Watch all 11 episodes of Creating Dedicated Landing Pages: How to Get Better ROI for Your Marketing Spend to set your landing pages up for success in less time than it takes to finish your lunch break. Beyond being 100% free, it’ll save you a lot of guesswork in building landing pages that convert and precious ad spend to boot. So settle in for a mini binge watch with a sandwich on the company tab—you earned it.
In this article, I will introduce the subject of competitive analysis, which is basically a method to determine how well your competitors are performing. My aim is to introduce the subject to those of you who are new to the concept. It should be useful if you are new to product design, UX, interaction or digital design, or if you have experience in these fields but have not performed a competitive analysis before.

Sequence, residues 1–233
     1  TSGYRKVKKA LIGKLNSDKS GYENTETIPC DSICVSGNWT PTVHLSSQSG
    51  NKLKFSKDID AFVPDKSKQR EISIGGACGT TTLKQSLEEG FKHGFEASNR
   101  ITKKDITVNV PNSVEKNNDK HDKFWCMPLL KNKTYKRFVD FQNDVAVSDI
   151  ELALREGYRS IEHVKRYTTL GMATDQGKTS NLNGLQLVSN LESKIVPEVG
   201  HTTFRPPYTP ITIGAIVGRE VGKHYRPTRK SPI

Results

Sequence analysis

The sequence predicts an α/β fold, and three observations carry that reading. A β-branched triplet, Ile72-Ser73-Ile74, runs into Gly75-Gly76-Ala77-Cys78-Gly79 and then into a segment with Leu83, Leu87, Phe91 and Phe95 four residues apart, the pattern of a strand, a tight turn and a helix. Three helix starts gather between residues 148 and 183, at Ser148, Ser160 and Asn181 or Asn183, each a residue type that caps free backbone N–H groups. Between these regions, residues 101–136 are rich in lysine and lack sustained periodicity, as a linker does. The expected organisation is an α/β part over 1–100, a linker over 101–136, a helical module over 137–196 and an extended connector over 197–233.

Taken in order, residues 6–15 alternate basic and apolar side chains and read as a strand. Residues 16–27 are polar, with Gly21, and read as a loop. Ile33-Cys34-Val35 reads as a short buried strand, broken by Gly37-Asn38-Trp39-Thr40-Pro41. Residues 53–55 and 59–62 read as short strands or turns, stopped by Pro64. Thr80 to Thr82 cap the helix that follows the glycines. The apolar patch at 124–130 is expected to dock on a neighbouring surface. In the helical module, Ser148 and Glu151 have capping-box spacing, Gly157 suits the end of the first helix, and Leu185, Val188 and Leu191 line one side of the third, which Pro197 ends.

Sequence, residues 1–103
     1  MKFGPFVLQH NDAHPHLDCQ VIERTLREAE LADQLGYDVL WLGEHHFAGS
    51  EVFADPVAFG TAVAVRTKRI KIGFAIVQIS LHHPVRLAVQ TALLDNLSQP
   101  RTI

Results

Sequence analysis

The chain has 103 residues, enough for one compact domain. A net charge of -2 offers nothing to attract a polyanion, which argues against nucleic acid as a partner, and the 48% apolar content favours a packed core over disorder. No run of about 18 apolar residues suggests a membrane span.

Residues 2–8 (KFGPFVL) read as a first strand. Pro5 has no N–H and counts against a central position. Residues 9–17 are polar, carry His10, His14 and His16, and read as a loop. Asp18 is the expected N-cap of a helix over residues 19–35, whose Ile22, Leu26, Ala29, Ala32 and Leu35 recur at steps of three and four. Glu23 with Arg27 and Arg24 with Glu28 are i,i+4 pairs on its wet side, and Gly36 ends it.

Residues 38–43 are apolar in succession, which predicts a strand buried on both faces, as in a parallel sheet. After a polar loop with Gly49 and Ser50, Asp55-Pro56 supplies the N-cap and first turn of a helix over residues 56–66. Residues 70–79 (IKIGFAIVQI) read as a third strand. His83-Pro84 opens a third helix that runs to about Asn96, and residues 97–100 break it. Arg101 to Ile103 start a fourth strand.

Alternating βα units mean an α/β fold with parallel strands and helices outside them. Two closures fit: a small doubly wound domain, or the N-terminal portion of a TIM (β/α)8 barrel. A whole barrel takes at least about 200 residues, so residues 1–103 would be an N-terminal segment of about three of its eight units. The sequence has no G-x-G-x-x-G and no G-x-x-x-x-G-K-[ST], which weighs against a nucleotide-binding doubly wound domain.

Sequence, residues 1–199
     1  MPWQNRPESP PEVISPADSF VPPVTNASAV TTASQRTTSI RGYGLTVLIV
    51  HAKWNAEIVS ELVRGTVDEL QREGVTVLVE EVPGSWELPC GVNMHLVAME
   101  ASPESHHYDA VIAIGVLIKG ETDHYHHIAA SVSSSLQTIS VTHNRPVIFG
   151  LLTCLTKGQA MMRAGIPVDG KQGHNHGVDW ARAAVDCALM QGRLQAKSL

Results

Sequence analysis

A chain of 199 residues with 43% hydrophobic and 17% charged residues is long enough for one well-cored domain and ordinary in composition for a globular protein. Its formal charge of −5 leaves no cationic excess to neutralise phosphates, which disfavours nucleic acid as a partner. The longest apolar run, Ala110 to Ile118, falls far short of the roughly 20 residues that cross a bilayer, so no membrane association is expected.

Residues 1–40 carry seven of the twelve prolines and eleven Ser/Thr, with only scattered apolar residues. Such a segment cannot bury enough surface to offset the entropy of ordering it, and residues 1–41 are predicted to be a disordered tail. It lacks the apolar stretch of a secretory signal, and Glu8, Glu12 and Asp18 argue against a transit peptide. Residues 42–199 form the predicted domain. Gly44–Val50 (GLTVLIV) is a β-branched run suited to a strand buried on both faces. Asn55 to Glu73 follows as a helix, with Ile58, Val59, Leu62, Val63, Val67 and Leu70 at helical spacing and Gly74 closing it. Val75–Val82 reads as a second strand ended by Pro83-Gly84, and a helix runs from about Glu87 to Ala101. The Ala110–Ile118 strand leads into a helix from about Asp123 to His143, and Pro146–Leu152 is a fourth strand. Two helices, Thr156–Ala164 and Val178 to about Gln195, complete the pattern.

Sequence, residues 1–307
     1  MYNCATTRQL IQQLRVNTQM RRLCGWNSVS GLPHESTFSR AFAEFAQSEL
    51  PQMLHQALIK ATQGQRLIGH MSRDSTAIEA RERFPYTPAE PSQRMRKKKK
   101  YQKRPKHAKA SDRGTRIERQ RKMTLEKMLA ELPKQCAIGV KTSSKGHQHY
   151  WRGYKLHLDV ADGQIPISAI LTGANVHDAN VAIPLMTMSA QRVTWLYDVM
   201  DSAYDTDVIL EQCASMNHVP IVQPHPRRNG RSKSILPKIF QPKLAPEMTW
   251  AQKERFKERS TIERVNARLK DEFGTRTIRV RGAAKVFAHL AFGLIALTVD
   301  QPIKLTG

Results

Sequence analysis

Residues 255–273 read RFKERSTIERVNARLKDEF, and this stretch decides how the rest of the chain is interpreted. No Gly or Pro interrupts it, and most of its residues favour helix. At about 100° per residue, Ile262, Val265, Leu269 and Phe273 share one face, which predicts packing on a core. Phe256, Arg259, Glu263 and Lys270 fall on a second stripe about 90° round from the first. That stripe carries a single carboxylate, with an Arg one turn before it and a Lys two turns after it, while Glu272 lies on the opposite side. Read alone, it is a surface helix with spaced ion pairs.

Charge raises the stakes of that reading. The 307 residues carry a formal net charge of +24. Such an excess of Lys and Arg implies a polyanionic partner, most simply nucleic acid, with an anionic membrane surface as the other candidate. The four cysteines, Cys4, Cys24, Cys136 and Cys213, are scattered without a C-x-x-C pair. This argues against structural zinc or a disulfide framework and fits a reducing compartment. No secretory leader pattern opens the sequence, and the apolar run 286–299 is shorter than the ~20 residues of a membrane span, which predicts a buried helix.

No prior knowledge of the topic is needed because I’ll be explaining what the term means and how to perform a competitive analysis as we go. I am assuming some basic knowledge of the design process and UX research, but I’ll provide plenty of practical examples and reference links to help with any terms and concepts you might be unfamiliar with.
Note:If you are a beginner in UX and interaction design, it would be good to know the basics of the design process and to know what is UX research (and the methods used for UX research) before diving into the article’s main topic. Please read the next section carefully because I’ve added reference links to help you get started.
Competitive Analysis, Service Design Cycle, Five-Stages Design Process
If you are a UX designer, then you might be aware of the service design cycle. This cycle contains four stages: discover, explore, test and listen. Each one of these stages has multiple research methods, and competitive analysis is part of the exploration. Susan Farrell has very helpfully distinguished different UX research methods and activities that can be performed for your project. (You can check this detailed segregation in her “UX Research Cheat Sheet”.)
The image below shows the four steps and the most commonly used methods in these steps.